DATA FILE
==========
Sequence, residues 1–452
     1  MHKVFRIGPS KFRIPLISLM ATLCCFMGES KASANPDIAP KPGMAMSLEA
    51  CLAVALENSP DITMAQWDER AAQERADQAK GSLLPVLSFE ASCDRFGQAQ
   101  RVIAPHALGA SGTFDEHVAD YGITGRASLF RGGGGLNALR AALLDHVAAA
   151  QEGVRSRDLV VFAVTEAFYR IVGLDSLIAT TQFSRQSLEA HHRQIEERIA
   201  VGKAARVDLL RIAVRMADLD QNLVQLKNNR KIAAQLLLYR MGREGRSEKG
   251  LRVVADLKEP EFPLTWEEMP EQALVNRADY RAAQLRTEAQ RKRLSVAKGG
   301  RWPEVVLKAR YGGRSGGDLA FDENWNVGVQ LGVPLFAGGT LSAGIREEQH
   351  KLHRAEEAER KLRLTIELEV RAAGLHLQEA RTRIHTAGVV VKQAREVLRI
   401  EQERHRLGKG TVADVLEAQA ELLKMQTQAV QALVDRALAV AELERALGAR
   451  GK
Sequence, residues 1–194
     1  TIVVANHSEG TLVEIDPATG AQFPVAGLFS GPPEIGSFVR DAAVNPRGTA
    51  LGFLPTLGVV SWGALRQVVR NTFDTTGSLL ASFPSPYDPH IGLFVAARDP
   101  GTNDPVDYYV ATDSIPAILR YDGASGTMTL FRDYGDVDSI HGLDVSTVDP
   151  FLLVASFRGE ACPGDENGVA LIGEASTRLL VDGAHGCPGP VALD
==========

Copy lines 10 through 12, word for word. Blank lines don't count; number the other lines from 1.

   401  EQERHRLGKG TVADVLEAQA ELLKMQTQAV QALVDRALAV AELERALGAR
   451  GK
Sequence, residues 1–194